I believe there’s a real art when it comes to programming effectively in order to continue obtaining results, both for yourself and your clients’. Anyone can get someone results for the first 6-12 weeks but what about the 6-12 months after that? Can you still keep the gains coming? That’s what sets the good trainers from the run of the mill trainers/coaches.

Overcoming Gravity 2 has a spectacular amount of information on progression models and variables that can be modified in order to ensure progress remains safe and consistent. Even if you’re not a trainer or coach, you will still learn a thing or 2 for your own training, if even simple things such as making sure you maintain structural balance.

Another really neat feature of the book which I really appreciated is the progression charts and levelling of different moves. This will appeal to the purists and the connoisseurs; what’s harder, a one arm chin up or a full front lever? What about a one arm handstand or an iron cross?

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Not only are the moves broken down into scalable difficulty levels but they’re also displayed in charts that show what moves have best carryover to each other. For example, if you want to achieve a press to handstand, what other moves can you train that will speed up the process?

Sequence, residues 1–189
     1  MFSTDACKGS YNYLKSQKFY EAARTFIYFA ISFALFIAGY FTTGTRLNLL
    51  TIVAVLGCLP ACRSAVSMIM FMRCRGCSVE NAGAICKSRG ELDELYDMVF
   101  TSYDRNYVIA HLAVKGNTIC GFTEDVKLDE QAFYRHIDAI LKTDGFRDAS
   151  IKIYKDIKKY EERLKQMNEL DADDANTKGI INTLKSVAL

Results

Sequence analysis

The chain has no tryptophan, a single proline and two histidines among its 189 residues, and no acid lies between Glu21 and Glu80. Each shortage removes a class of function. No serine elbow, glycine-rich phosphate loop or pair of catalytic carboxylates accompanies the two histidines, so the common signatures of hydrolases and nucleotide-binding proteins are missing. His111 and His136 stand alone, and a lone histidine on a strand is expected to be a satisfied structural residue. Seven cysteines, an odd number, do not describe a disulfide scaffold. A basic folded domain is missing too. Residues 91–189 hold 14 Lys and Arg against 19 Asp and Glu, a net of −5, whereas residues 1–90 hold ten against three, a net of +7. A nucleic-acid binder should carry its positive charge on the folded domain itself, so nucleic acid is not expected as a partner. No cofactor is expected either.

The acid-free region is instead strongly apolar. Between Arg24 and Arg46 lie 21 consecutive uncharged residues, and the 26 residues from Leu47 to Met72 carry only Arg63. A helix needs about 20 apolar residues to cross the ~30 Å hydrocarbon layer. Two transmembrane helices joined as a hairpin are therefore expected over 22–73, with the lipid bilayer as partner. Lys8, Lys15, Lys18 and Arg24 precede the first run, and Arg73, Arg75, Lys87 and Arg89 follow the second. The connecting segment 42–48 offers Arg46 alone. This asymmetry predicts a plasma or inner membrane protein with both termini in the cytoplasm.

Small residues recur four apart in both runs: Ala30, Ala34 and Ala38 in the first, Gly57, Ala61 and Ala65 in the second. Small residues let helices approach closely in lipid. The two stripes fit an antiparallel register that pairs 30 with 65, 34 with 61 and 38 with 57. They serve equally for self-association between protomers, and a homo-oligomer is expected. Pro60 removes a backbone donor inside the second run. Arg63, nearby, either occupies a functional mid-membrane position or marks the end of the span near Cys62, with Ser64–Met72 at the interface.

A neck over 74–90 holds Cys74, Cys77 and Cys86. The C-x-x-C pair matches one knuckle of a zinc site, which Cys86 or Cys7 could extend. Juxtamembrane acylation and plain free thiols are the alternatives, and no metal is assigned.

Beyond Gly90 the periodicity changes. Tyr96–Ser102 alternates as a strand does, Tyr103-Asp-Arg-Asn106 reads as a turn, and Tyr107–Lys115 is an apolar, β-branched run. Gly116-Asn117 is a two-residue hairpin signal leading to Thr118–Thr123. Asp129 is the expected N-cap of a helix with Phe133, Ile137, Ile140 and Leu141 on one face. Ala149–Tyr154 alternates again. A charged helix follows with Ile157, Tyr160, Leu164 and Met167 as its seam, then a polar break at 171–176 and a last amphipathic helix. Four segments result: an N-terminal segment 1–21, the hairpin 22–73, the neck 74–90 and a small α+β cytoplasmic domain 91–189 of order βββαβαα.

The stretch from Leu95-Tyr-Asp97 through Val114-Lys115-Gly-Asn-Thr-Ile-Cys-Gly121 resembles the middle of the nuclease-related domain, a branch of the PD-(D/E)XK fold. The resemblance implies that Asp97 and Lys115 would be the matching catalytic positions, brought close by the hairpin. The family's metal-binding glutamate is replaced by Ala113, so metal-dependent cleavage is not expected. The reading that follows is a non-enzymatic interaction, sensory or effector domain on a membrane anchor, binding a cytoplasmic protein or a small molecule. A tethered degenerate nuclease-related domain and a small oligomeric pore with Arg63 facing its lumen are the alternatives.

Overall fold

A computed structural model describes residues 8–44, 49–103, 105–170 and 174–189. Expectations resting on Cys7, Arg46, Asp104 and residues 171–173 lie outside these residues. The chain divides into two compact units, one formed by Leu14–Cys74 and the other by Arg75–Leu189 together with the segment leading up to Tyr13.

What I Didn’t Like?

I suppose I’m being very greedy here, all things considered……but I would have liked to have seen more examples of routines specific to certain goals. Don’t get me wrong, the book is packed with enough info to create your own programs but I find seeing examples helps, sometimes.

Do You Need To Be At A Particular Level In Order To Benefit From This Book?

Even though Overcoming Gravity 2 covers some seriously advanced moves, there are also the most basic of exercises included – such as push ups on the knees, bodyweight squats, planks and inverted rows. It’s basically a huge spectrum and you feel like your observing a galaxy when you look at how one could go from a push up on their knees, to a top planche on the rings.

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Overcoming Gravity 2 is by far the best book on exercise I have read to date. I’d give it a 9.5/10 and enjoyed every page. It’s one of them books that will serve as an infinite resource.

If you have questions or would like to know more, leave a comment below.